“I’m Not Pretty Without Weave”…Confessions of the Weave Dependents
Some sisters feel they have to sew, glue, and purchase their way to beauty. What’s behind their addiction?
By: Amanda Anderson
Weave has to be one of the most polarizing topics in the African American community. While it’s true that black women aren’t the only ones looking to weave to achieve their beauty driven agendas, it is clear that other women tend to fit the standard of beauty created by the media more than black women. For years, it’s been suggested that straighter hair is better, and by all means, black women…your hair isn’t good enough. So instead we, glue, stitch, or sew some other woman’s hair on top of our “ugly hair” to get closer to meeting those standards. Now there are some black women who aren’t depending on weaves, wigs, or meeting the European standards of beauty. These ladies may rock a weave from time to time, but by no means is it required for them, to feel beautiful. They feel just as beautiful without the tracks. To them, weave’s just convenient, but not a necessity to feel attractive.
And then there are the weave dependents. Without their weave, they feel unattractive, unworthy, uncomfortable, and inferior to the media’s pushed standards of beauty.
How did any woman get to this point of weave dependency? Here’s their take on the weave addiction.
” I started wearing weave when I was in high school. I know it sounds crazy, but I would spend my little work money on tracks and glue, and spend hours in the bathroom gluing tracks in. With enough skill, I got really good at doing it. My hair wasn’t nearly as long as the weave, so I am sure that the length plays a part in me feeling more attractive with it. After a while, I just became so obsessive. I no longer wore my real hair. I paid the price for it because my hair began to break off really badly, and thin faster than I could manage. I eventually had to cut my hair into a short cut, and that had to be one of my lowest moments. I felt so unattractive with the short cut, and naked without the weave. I tried to get through the first week weave less, but ended up at the hair store mid week. I really want to break this addiction because I have a daughter now, and I don’t want to raise her to hate her hair or hate how she looks like me. It would break my heart to see her dependent on weave, and battle low self esteem. Eventually, I am going to break the habit. I guess I’m still looking for reassurance that I can even do this.”- Janet D.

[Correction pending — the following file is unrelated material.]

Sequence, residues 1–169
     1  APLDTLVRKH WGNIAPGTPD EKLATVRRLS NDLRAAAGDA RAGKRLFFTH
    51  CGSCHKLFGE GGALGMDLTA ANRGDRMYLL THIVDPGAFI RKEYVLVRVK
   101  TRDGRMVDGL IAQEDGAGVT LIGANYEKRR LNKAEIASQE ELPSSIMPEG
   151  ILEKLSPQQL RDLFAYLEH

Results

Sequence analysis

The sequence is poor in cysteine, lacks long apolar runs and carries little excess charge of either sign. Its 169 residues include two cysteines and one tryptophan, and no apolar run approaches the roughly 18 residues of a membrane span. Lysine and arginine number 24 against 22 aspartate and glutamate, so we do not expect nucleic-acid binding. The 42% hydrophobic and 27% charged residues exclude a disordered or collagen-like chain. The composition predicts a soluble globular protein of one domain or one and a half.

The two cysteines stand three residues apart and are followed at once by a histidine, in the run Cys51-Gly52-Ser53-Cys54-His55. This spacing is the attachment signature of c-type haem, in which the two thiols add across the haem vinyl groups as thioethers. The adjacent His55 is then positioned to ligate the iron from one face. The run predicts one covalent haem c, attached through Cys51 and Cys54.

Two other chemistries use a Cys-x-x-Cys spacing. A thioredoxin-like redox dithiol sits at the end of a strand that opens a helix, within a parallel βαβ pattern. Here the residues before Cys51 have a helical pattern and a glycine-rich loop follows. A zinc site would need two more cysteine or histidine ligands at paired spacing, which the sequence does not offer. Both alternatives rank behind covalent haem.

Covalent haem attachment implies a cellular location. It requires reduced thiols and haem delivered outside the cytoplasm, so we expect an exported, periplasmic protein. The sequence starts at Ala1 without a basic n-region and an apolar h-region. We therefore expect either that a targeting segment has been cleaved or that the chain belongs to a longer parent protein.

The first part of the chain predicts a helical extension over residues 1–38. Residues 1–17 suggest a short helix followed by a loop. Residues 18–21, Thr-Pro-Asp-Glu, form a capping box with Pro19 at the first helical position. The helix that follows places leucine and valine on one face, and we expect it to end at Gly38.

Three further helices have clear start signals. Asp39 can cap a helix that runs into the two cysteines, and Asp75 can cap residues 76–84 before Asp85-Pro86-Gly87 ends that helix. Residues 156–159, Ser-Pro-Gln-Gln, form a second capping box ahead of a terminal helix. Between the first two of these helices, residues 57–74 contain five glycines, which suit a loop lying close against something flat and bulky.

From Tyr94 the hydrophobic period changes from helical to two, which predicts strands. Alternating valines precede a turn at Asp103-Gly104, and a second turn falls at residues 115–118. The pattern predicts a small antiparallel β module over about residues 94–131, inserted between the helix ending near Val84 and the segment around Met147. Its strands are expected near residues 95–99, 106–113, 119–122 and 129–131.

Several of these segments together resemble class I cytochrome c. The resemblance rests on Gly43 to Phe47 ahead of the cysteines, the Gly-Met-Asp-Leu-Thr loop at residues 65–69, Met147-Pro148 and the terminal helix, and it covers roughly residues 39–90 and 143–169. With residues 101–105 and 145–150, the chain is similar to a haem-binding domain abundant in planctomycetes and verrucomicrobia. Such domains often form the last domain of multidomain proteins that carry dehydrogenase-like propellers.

” Yeah, I’m addicted to weave but I don’t really care that I am addicted. I mean really, it’s not my fault that society pushes this standard of beauty that black women can’t meet naturally. People tell me all of the time to wear my hair more, but I don’t see the point. Hell even the men themselves like weave more than they would like to admit. Black men love long hair, and I don’t have long hair. I still want them to be attracted to me, so I sew in some tracks. I see a lot of sisters going natural and cutting out the weave, but I’m not really encouraged to follow suit. I feel beautiful with my weave, and even if that is sad, it’s just the way society has made it. When the standards change, maybe I’ll reconsider weave. But until then, I just want to feel beautiful and make some heads turn.”-Monica K.
“I definitely feel more confident when I have some hair flowing in the wind. But I don’t think it’s fair to get on black women about wearing weaves, we didn’t make up these standards on beauty. We’re not even the only race of women that wears them, even white women put in tracks to create more volume and even length. Maybe we’re more dependent on weave than they are, but it does seem like we are being called out unnecessarily for doing something that a lot of women do.”-Nicole W.
I can’t speak for all black women, but I guess I’m addicted to weave because long European hair has been and will continue to be a prevailing symbol of beauty. My real hair is shoulder length, but I definitely feel like I get more attention from black men when I have in longer tracks. They say they don’t like weave, but yet they break their necks for the women with weaves. Deep down inside, we all just want to be that woman worthy of the neck break. If black men were more supportive of natural beauty like they claim to be, they would stop giving the fake beauties so much attention. They praise fake women like Kim K, but dog out the sisters with weaves. If they wouldn’t worship so many fake Hollywood beauties, then just maybe black women would take it easy on the weaves. It’s not any deeper than that.”- Kara J.
Each response sheds it’s own light on the weave obsession, and its ties to acceptance from black men and a close minded society, but each saddens me more for one reason: some of us have allowed society to determine how we feel about ourselves. Weave isn’t the end all be all in the woes of the black community, but the absence of self-esteem and self love are.
Hair is just hair, but our attitudes about ourselves dictate rather we are beautiful or not; not a media ignorant on any other race accept the majority. I seriously hope all of these women will be able to see beauty without the extensions, and realize that the best kind of love starts on the inside. And only then will someone have the desire to love the same person you finally developed the courage to start loving.